Well no one saw that coming, he said in a voice dripping with sarcasm. David Lidington,Theresa May’s bag-man, came to Scotland today because the UK government felt that a spot of patronising was in order following Nicola Sturgeon’s announcement yesterday. David wanted to let us know that the British government is not going to grant a request for a Section 30 order, adding for good measure that the 2014 referendum had settled the matter for a generation. So that’s you telt, Scotland. Tories that Scotland didn’t vote for know better what Scotland wants than you do.
I’ve said this before, but it’s an important point which the British media in Scotland and in the rest of the UK is hellbent on ignoring, a Scotland which has to ask permission in order to ask itself a question about its future within the UK is not a part of any kind of union. If it is true that Scotland cannot ask itself what sort of nation it wants to be without the permission of a Conservative Prime Minister that Scotland didn’t vote for, and that Prime Minister refuses despite the fact that the Scottish Parliament has a mandate to put the question to the people, then there is no union, because there is no consent.
The fact is that the people of Scotland voted for a Scottish government which promised a referendum on Scotland’s place within the UK should there be a material chance in circumstances. That decision was ratified by the Scottish Parliament which voted for a referendum. The SNP then won the General Election in Scotland in 2017 by any definition of the term. The fact that Ruth Davidson’s Ruth Davidson’s Party Vote Ruth Davidson increased its seats is irrelevant. It still lost. So there have been not one but three democratic ratifications of the will of the people of Scotland to have a say about their future.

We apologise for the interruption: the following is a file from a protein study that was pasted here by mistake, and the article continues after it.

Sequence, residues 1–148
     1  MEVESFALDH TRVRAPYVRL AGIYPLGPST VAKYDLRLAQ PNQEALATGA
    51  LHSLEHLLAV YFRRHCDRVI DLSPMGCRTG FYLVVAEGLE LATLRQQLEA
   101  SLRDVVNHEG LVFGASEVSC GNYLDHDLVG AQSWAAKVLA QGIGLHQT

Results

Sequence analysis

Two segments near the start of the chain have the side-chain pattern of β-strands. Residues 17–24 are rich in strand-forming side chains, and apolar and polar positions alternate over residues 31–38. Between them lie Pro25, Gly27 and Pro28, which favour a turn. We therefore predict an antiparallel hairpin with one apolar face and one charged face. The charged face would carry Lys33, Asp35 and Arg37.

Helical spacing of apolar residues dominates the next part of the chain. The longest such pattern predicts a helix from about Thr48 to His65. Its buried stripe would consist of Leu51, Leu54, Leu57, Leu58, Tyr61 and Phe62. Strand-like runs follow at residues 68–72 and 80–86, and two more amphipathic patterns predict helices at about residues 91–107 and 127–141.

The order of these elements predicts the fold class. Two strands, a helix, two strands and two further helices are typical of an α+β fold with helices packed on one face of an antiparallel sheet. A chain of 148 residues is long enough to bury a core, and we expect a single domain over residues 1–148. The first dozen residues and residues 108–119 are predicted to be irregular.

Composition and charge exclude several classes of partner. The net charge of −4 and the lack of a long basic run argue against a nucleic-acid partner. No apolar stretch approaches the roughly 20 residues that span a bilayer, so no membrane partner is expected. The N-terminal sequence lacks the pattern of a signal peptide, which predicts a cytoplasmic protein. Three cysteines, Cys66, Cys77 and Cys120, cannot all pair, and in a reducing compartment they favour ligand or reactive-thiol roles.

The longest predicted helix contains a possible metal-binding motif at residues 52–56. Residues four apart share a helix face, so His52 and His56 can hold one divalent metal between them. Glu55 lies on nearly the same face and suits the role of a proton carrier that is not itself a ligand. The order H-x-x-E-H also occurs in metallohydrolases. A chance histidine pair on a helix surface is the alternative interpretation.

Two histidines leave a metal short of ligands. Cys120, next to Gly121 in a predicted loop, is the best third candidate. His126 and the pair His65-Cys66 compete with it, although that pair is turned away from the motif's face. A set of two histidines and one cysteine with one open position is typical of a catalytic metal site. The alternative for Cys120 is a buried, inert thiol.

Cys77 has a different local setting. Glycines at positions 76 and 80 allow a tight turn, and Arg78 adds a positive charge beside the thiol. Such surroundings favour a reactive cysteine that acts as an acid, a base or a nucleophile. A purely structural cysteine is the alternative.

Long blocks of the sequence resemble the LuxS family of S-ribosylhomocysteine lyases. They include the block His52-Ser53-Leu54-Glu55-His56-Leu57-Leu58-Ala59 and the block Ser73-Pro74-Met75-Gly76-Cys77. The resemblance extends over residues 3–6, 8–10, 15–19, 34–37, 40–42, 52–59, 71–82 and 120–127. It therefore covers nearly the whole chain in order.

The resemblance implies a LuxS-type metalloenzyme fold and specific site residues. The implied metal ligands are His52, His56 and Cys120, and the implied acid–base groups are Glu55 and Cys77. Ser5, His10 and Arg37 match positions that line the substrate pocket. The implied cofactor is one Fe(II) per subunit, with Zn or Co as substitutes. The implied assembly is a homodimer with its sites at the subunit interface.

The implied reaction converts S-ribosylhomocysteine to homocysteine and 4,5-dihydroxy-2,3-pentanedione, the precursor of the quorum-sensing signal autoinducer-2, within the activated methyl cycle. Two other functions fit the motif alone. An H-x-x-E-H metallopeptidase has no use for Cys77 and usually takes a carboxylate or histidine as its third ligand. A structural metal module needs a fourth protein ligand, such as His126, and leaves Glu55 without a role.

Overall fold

The change in circumstances has occurred. Scotland is being taken out of the EU against its will, and moreover that’s happening without Scotland being given any input into the kind of Brexit that the British government plans to deliver. Even worse, the British government has used Brexit as an excuse to unilaterally undermine the devolution settlement. This is not the UK that Scotland voted to remain a part of in 2014. Now that British government is insisting that it will refuse to allow the people of Scotland to have a democratic say about this markedly different set of circumstances in which Scotland finds itself.
You cannot on the one hand assert that Scotland is a partner in a union, a member of a family of nations, while on the other hand insisting that the largest part of that supposed union has, solely by virtue of its size, an effective veto on whether the other parts can ask themselves about their role in that supposed union. Because that’s precisely where we are now. You don’t get to preach the virtues of union while you act like Scotland is a possession that you alone have proprietary rights over. If the British government is insistent that it will not consent to Scotland having a say on Scotland’s future, then the British government is conceding that the UK is not a union at all. It’s a prison. It’s a hostage situation.